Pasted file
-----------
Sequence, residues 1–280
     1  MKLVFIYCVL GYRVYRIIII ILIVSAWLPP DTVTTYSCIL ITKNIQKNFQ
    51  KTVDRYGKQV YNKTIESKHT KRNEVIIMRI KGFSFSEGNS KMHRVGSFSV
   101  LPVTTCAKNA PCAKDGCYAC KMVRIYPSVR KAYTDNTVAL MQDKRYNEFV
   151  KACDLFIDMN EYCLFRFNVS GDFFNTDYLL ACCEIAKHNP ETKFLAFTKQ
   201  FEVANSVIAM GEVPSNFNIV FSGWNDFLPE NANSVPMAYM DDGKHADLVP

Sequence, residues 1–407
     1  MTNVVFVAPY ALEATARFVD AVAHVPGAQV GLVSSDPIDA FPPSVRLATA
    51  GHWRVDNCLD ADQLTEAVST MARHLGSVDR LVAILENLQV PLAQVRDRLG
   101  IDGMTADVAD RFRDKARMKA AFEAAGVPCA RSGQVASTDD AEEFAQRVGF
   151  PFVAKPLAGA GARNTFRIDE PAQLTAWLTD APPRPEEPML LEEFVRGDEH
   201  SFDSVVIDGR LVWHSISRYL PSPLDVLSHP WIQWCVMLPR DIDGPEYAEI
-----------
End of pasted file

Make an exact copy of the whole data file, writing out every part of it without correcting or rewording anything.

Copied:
Sequence, residues 1–280
     1  MKLVFIYCVL GYRVYRIIII ILIVSAWLPP DTVTTYSCIL ITKNIQKNFQ
    51  KTVDRYGKQV YNKTIESKHT KRNEVIIMRI KGFSFSEGNS KMHRVGSFSV
   101  LPVTTCAKNA PCAKDGCYAC KMVRIYPSVR KAYTDNTVAL MQDKRYNEFV
   151  KACDLFIDMN EYCLFRFNVS GDFFNTDYLL ACCEIAKHNP ETKFLAFTKQ
   201  FEVANSVIAM GEVPSNFNIV FSGWNDFLPE NANSVPMAYM DDGKHADLVP

Sequence, residues 1–407
     1  MTNVVFVAPY ALEATARFVD AVAHVPGAQV GLVSSDPIDA FPPSVRLATA
    51  GHWRVDNCLD ADQLTEAVST MARHLGSVDR LVAILENLQV PLAQVRDRLG
   101  IDGMTADVAD RFRDKARMKA AFEAAGVPCA RSGQVASTDD AEEFAQRVGF
   151  PFVAKPLAGA GARNTFRIDE PAQLTAWLTD APPRPEEPML LEEFVRGDEH
   201  SFDSVVIDGR LVWHSISRYL PSPLDVLSHP WIQWCVMLPR DIDGPEYAEI